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characters recall their past histories and so situate themselves within the rapid transformations of capitalist development affecting them all. But these individual narrative arcs never fully converge. Rather, they coexist uneasily, precariously shoulder to shoulder in the shared space of a city that has sprung up almost from nowhere around this dislocated pole of economic expansion. Then there is the fact that the book remains unfinished. In the book’s “¿Ultimo Diario?” Arguedas outlines how he might have continued, and reveals some of the fates he has had in store for individual characters. Among the other paratexts with which the novel concludes is a letter to his publisher, apologizing for the text’s incomplete state, describing it as “un cuerpo medio ciego y deforme pero que acaso sea capaz de andar” (Arguedas 1988: 201). In a postscript to this letter, Arguedas writes: “Obtuve en Chile un revólver calibre 22. Lo he probado. Funciona. Está bien. No será fácil elegir el día, hacerlo” (203). This is a book that begins with a discussion of suicide, ends with a suicide note, and is signed with the author’s own dead body. On November 29, 1969, just a day after the date of the novel’s final note, Arguedas shoots himself in his university office; he died in hospital three days later. So this is a book in which the author submerges himself, exiting only with his own literal death. Arguedas’s work is almost always read through his biography, and this temptation is all the more appealing when it comes to El zorro de arriba, given the book’s searingly personal reflections upon its own process of production as well as its author’s own mortality, his depression, and his doubled suicide: the failed attempt with which the book opens (“En abril de 1966, hace ya algo más de dos años, intenté suicidarme” [17]) and the successful bid to kill himself that marks the novel’s (in)completion (“Les dejo un sobre que contiene los documentos que explican las causas de la decisión que he tomado” [203]). Yet it is another of the novel’s author figures who perhaps demonstrates what is at stake in Arguedas’s corporeal investment in his art. Don Esteban is dying as a result of the coal dust he ingested while working in a provincial mine. But his ambition is to make of his sickness an advantage, to profit from the foreign matter lodged in his diseased lungs. Ritually, he coughs up black phlegm and wraps the magical mineral in newspaper: “[...] se arrodilló calmadamente, empezó a toser y arrojó un esputo casi completamente negro. En la superficie de la flema el polvo de carbón se intensificaba a la luz de su aciago color, parecía como aprisionado, se movía, pretendía desprenderse de la flema en que estaba fundido” (110). Esteban has made his sickly body part of a production process, methodically spitting out a mixture that, as with the slop fed into the fishmeal factory’s centrifuges, has only to be separated out to yield its precious treasure. (Meanwhile, the factory is itself viewed as a body: its machines “tragan anchoveta y defecan oro” [100].) Esteban believes that if he can cough up five ounces of coal he will be saved, so avoiding the death that has already come to all his former mining colleagues: “Gramo por gramo andaré hasta que mi pulmón se sane” (115). But his own body has also been transformed into a mine: he himself has become indistinguishable from one of the seams that he formerly worked, and so in coughing up the black gold from his lungs he is working on himself just as he once worked at the coalface for five soles a day. Likewise, Arguedas invests his own tortured body and suffering psyche into production; his very mortality is at stake. He writes: “He luchado contra la muerte o creo haber luchado contra la muerte, muy de frente, escribiendo este entrecortado y quejoso relato” (196). Like Esteban, his production is intensely physical, coterminous with his own pain: “Allá voy pues, a como dé lugar, a escribir el capítulo III, con este feroz dolor en la nuca, con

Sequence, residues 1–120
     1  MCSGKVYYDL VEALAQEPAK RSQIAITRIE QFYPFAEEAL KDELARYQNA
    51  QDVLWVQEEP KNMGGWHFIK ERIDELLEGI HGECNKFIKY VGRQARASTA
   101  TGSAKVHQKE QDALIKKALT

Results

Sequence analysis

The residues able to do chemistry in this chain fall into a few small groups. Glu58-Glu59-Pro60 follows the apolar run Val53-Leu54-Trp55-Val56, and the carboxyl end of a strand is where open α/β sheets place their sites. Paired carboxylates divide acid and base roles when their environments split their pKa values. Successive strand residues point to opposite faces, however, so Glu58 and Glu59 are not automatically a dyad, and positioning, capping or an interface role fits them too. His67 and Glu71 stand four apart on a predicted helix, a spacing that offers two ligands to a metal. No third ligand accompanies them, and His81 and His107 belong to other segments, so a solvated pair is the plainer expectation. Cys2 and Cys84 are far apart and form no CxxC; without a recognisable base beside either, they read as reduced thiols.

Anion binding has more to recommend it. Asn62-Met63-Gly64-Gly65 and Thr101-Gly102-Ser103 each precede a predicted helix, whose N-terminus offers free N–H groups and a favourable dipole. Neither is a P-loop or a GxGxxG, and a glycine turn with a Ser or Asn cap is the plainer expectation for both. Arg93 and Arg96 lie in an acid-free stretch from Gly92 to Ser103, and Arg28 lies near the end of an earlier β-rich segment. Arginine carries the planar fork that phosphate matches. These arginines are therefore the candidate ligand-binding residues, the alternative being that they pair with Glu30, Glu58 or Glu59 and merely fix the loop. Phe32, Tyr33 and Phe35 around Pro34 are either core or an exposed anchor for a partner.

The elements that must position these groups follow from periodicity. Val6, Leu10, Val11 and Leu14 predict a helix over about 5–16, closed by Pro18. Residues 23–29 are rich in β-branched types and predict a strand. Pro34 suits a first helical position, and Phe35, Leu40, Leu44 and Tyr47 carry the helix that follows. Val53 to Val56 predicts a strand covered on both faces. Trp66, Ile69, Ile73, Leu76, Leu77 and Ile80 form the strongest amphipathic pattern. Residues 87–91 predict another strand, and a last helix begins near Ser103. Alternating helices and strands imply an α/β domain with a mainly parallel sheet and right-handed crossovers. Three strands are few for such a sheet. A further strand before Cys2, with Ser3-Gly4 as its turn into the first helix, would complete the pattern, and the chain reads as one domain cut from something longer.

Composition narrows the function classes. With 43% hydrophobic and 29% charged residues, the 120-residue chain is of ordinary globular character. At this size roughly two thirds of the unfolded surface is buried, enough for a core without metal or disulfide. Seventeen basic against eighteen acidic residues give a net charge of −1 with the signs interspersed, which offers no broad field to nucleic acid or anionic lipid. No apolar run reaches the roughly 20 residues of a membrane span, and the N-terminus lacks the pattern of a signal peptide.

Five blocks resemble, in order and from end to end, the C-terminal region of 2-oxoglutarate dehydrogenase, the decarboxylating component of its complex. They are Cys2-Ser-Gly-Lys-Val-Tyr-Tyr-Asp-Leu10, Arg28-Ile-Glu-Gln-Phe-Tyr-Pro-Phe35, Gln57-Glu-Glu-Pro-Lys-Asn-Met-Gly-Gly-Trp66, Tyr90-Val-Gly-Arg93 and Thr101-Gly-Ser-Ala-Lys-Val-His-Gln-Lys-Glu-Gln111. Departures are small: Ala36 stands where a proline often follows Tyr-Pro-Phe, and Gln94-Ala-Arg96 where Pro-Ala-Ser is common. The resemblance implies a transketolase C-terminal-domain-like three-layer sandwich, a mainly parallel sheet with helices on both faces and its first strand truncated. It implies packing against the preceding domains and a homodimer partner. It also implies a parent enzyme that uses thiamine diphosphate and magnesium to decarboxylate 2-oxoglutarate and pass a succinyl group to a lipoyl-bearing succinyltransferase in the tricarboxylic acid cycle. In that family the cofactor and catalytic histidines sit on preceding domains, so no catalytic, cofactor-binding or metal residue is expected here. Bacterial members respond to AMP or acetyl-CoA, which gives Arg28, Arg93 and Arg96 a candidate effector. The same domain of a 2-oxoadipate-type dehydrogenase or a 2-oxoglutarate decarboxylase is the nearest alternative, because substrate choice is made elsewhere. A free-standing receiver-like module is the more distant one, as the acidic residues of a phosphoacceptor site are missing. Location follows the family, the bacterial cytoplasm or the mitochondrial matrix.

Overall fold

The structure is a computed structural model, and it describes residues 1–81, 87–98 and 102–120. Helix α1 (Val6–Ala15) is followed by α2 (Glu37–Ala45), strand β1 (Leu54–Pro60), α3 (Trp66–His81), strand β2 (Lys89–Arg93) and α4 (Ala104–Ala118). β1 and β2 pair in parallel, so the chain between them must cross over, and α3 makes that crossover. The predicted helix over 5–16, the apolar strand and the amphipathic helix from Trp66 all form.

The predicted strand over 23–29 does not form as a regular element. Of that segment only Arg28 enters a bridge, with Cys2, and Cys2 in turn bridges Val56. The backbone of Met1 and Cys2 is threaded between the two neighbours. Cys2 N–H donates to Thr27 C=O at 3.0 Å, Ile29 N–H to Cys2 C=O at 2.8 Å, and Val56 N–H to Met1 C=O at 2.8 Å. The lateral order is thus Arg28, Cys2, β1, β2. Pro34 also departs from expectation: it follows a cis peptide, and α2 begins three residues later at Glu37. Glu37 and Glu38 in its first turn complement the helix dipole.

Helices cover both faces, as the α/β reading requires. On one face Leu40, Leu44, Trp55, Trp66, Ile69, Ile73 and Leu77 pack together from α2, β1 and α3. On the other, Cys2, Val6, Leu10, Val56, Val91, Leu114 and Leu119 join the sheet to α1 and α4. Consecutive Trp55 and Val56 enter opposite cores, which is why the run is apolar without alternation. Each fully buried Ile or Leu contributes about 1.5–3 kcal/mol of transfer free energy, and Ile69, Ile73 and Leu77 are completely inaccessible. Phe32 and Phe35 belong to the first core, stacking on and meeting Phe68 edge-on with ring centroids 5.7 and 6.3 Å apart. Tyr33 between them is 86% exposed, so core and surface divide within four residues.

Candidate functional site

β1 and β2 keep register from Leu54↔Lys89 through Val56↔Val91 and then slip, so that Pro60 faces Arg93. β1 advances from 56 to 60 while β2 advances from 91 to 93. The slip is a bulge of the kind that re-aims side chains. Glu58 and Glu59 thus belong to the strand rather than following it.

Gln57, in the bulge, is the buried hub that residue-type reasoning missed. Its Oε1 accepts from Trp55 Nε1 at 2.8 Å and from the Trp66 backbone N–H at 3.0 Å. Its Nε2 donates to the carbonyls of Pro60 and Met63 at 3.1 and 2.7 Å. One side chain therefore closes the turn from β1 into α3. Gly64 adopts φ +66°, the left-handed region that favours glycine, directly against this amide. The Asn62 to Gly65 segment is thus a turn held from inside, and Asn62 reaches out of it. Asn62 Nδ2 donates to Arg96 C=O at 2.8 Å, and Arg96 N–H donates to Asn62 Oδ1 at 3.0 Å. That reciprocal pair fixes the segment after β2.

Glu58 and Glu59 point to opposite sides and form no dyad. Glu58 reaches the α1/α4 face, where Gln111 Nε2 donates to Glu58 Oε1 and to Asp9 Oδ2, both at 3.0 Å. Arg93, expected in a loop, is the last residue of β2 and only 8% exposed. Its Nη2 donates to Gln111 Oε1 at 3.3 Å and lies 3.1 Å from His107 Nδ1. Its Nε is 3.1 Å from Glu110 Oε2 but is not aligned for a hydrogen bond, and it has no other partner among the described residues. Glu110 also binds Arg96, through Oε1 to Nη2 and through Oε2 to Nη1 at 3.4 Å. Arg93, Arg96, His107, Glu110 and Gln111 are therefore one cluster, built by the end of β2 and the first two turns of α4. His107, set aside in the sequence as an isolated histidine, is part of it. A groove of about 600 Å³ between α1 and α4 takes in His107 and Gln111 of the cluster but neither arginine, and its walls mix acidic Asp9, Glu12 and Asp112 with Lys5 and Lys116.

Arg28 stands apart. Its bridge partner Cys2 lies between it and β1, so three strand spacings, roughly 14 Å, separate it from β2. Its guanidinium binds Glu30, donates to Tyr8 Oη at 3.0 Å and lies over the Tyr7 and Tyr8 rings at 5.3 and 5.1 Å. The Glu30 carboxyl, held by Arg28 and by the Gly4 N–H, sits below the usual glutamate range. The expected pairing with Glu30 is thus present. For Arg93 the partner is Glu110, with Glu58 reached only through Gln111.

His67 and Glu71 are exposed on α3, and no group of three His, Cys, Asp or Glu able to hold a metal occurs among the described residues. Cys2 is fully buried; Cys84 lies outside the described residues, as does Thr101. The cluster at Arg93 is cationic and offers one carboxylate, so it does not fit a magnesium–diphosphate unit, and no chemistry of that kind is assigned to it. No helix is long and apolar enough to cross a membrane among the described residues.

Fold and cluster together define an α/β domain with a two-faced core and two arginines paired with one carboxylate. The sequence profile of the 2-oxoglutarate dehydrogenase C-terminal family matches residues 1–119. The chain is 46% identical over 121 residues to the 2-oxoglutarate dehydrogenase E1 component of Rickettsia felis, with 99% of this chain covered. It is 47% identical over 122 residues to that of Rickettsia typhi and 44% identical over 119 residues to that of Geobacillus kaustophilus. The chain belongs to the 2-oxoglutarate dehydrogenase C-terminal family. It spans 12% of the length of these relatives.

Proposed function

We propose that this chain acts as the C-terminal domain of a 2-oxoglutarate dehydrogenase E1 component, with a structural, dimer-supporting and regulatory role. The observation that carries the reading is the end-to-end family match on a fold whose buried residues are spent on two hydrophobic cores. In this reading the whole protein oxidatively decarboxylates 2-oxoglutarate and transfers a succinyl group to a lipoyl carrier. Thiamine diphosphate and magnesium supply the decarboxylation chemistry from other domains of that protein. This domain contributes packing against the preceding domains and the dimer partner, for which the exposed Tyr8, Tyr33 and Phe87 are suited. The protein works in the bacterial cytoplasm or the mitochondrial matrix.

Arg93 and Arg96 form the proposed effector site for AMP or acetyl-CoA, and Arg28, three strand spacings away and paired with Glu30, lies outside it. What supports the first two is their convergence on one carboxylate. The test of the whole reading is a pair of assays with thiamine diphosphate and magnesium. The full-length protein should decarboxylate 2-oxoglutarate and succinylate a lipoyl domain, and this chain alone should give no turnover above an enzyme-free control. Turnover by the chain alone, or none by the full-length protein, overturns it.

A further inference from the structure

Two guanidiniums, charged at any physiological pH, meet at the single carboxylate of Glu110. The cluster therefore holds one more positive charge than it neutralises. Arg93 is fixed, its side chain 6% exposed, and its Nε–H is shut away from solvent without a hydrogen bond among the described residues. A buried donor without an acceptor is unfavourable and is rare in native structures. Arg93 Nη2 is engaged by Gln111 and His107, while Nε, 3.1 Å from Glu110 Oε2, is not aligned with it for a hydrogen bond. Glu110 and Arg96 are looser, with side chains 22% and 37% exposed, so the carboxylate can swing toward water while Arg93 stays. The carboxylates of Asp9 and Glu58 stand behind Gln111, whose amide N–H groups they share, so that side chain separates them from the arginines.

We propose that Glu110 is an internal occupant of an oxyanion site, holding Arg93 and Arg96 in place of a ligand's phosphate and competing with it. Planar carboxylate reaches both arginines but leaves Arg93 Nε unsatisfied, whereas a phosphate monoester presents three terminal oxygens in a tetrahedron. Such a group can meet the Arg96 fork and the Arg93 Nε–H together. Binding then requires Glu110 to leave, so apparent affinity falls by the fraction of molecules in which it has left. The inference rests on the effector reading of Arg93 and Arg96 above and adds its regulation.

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este malestar que la fatiga y el insomnio producen” (73). Writing is intimately associated with Arguedas’s suicidal thoughts (“sólo escribía algo cuando estaba decidido a quitarme la vida de puro inútil y deteriorado” [74]), and yet it is also a means of staving off death, and so, like Esteban’s expectoration, promises a possible cure: “Ayer escribí cuatro páginas. Lo hago por terapéutica, pero sin dejar de pensar en que podrían ser leídas [...] Porque si no escribo y publico, me pego un tiro” (19-23). Both thanks to and despite this physical struggle, the book advances in stops and starts. And in these pauses and breaks, Arguedas unveils his literary machinery, its breakdowns as well as its functioning parts, and thereby the stuttering mechanism of his work as a whole. In stuttering, the body and language seem to be at odds, but above all the materiality of language, the corporeal effort that it requires, is also revealed. Gilles Deleuze argues that a great writer is always a stutterer: “He is a foreigner in his own language, he carves out a nonpreexistent foreign language within his own language. He makes the language itself scream, stutter, stammer, or murmur” (1998: 110). Like the examples Deleuze provides (notably Kafka and Beckett), Arguedas writes in a language other than his native tongue: he had been brought up with Quechua as his first language, only subsequently mastering Spanish. In his early work, notably Yawar Fiesta and El Sexto, the way in which Arguedas infuses Quechua vocabulary and syntax into Spanish, or tries to conjure up regional dialects of Spanish, threatens to fall into the sentimental portrayal of the rural other typical of costumbrismo. This superficial realism (a realism of appearances) was later replaced by a psychological realism (a realism of motivations) in his penultimate book, the epic social novel Todas las sangres. But perhaps thanks to the criticism that Todas las sangres faced at the hands of Peru’s critics and intellectuals (for which see the lengthy discussion edited by Guillermo Rochabrún (2000) ), in El zorro de arriba Arguedas finally abandons all attempts to present either a smooth surface or coherent depth to his fiction. Realism is not his aim: “Y no es que pretenda describir precisamente Chimbote” (73), he tells us. In this final book, in both his “balbuciente diario” (71) and in the narrative chapters that he terms “Hervores” (148), language itself stutters. The complex interrelation between machinic, natural, and human is laid bare. And so the key to what Deleuze and Félix Guattari would call Arguedas’s “minor literature” is finally revealed. 2. The affects of a machine-man While it is true that Arguedas’s writing is deeply personal, it is in no way either some kind of quasi-natural testimonial narrative, nor in any significant sense the distanced self-reflection of an author fully in control of his faculties. No wonder he should insist that he is not a “professional” writer like others of the Latin American literary Boom of the 1960s (he mentions Julio Cortázar, Carlos Fuentes, and Mario Vargas Llosa); rather he is one of those “escritores que empiezan a trabajar cuando la vida los apera, con apero no tan libremente elegido sino condicionado” (26). He writes, in short, as what Deleuze and Guattari term a “machine-man, and an experimental man (who thereby ceases to be a man in order to become an ape or a beetle, or a dog, or mouse, a becoming-animal, a becoming-inhuman, since it is actually through voice and through sound and through style that one becomes an animal, and certainly through the force of sobriety)” (1986: 7).